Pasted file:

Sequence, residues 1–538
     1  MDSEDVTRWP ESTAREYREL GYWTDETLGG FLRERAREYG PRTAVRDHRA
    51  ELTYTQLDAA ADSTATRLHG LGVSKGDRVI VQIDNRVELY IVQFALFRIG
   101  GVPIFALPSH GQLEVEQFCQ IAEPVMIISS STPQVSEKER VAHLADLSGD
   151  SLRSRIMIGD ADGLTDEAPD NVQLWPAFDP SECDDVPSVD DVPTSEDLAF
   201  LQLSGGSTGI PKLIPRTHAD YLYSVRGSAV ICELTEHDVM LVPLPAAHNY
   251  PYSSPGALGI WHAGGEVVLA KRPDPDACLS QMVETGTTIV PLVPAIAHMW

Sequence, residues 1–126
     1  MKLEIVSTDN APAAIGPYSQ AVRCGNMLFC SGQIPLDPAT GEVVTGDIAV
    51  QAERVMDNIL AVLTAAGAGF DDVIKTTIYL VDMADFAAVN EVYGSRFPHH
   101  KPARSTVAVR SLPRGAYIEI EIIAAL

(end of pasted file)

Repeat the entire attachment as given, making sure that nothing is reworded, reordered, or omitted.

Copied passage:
Sequence, residues 1–538
     1  MDSEDVTRWP ESTAREYREL GYWTDETLGG FLRERAREYG PRTAVRDHRA
    51  ELTYTQLDAA ADSTATRLHG LGVSKGDRVI VQIDNRVELY IVQFALFRIG
   101  GVPIFALPSH GQLEVEQFCQ IAEPVMIISS STPQVSEKER VAHLADLSGD
   151  SLRSRIMIGD ADGLTDEAPD NVQLWPAFDP SECDDVPSVD DVPTSEDLAF
   201  LQLSGGSTGI PKLIPRTHAD YLYSVRGSAV ICELTEHDVM LVPLPAAHNY
   251  PYSSPGALGI WHAGGEVVLA KRPDPDACLS QMVETGTTIV PLVPAIAHMW

Sequence, residues 1–126
     1  MKLEIVSTDN APAAIGPYSQ AVRCGNMLFC SGQIPLDPAT GEVVTGDIAV
    51  QAERVMDNIL AVLTAAGAGF DDVIKTTIYL VDMADFAAVN EVYGSRFPHH
   101  KPARSTVAVR SLPRGAYIEI EIIAAL